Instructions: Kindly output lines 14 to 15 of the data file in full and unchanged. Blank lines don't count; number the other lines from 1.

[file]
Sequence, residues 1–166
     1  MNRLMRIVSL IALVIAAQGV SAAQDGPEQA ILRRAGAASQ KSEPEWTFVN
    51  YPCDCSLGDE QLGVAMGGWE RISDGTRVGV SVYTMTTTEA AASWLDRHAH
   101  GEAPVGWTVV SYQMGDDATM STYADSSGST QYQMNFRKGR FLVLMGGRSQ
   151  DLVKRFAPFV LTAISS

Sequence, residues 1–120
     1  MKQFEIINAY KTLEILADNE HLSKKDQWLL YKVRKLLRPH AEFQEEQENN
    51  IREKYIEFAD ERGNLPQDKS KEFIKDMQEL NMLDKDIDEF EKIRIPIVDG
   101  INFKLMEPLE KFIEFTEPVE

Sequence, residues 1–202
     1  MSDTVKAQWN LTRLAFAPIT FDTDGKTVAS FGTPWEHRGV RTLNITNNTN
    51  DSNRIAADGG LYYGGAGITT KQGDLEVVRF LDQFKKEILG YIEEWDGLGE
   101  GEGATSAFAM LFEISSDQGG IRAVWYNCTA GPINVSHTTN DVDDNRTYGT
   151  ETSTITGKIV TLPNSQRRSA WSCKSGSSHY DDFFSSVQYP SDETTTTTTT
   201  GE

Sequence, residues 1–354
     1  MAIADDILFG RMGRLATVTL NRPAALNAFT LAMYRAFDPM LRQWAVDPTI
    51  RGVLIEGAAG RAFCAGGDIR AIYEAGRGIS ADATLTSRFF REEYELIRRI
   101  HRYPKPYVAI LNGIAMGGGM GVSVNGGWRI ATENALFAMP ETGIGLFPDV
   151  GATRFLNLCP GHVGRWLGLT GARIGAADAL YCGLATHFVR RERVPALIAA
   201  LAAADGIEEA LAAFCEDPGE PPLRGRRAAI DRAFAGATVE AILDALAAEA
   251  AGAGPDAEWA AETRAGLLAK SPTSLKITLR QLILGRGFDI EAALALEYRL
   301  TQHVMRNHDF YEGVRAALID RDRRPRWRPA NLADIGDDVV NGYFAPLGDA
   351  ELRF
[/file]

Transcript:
   151  ETSTITGKIV TLPNSQRRSA WSCKSGSSHY DDFFSSVQYP SDETTTTTTT
   201  GE